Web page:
Cambridge appoints first DeepMind Professor of Machine Learning
Following an international search, Professor Neil Lawrence has been appointed as the inaugural DeepMind Professor of Machine Learning at Cambridge, supported by a benefaction from the world-leading British AI company.
Professor Lawrence joins the University’s Department of Computer Science and Technology from Amazon Cambridge, where he has been Director of Machine Learning for the past three years. He is also Professor of Machine Learning at the University of Sheffield, where he will retain a visiting position.
Professor Lawrence’s research interests are in probabilistic models with applications in computational biology, personalised health and developing economies. At Sheffield, he led the ML@SITraN group, and helped to develop an Open Data Science Initiative an approach to data science designed to address societal needs.
Professor Lawrence completed his PhD at Cambridge’s Department of Computer Science and Technology in 2000. He has previously held positions at Microsoft Research Cambridge and the University of Manchester. In addition to his academic research, he hosts the Talking Machines podcast and is a contributor to the Guardian.
For the past five years, Professor Lawrence has been working with Data Science Africa, an organisation looking to connect machine learning researchers in Africa in order to solve problems on the ground. Professor Lawrence has an advisory role with the group, and says that many of the machine learning approaches used in Africa can have benefits in the developed world as well.
“With data and machine learning, you can have a more advanced data infrastructure in Africa than in some developed countries,” he said. “It’s rare in the UK or Europe that you’re asked to look at a machine learning problem from end to end, but you can do that in Africa, and it leads to better solutions. That’s the kind of approach I want to take to machine learning in my work at Cambridge.”
Dr Demis Hassabis (Queens' College 1994), co-founder and CEO, DeepMind, said: “I’m delighted to see Cambridge announce its first DeepMind Professor of Machine Learning. Professor Lawrence’s work in computational biology and his thoughtful advocacy for advancing technology in the developing world have been commendable. It’s an honour for DeepMind to be able to support the Department of Computer Science and Technology - from which I gained so much - in this way, and I look forward to seeing machine learning and AI flourish at Cambridge.”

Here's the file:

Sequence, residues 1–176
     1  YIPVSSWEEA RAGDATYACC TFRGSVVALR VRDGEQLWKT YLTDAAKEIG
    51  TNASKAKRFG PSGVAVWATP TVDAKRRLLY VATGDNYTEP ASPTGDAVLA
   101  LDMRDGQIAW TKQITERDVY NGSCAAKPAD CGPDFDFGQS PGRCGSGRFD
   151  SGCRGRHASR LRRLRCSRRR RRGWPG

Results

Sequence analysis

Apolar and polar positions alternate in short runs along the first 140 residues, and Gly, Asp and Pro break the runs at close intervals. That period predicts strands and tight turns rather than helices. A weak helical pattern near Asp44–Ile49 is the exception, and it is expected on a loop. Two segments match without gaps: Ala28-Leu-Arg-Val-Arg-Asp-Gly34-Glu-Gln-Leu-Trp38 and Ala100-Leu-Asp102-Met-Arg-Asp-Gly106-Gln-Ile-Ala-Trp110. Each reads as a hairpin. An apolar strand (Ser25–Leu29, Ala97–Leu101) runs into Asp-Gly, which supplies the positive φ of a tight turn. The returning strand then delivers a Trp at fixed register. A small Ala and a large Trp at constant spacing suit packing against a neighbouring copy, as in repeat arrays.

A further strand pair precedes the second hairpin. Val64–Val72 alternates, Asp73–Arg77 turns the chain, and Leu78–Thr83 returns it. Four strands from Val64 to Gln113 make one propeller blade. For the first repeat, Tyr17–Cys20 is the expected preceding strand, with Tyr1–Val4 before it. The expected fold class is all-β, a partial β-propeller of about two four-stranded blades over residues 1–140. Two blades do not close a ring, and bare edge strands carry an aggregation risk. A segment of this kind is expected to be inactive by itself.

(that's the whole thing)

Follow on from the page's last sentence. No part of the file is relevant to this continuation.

“Neil will have a transformative effect on machine learning and artificial intelligence research at Cambridge,” said Professor Ann Copestake, Head of the Department of Computer Science and Technology. “He will build on our existing strengths in this area, and work with colleagues from across the University to develop new solutions in ethical and sustainable ways.”
“It is vital we have a deep pool of talented scientists in universities and industry so the UK can continue to be a world leader in artificial intelligence,” said Minister for Digital Mark Warman. “This Government is investing millions into skills and talent training, including a number of Turing AI Fellowships in partnership with The Alan Turing Institute, and I welcome the appointment of Professor Neil Lawrence as the inaugural DeepMind Professor of Machine Learning at Cambridge. This is one of a range of moves demonstrating the enormous strength of the UK’s research base.”
In addition to the gift to support the DeepMind Professorship, the company are also supporting four Master’s students from underrepresented groups wishing to study machine learning and computer science at Cambridge. The first students supported through this programme will be starting their studies this coming term.
There’s so much expertise at Cambridge, in all aspects of systems and data: that’s why I’m so excited about joining. AI and machine learning have the potential to reshape almost every aspect of our lives, but we desperately need more machine learning specialists, or else the promise of AI will not be realised.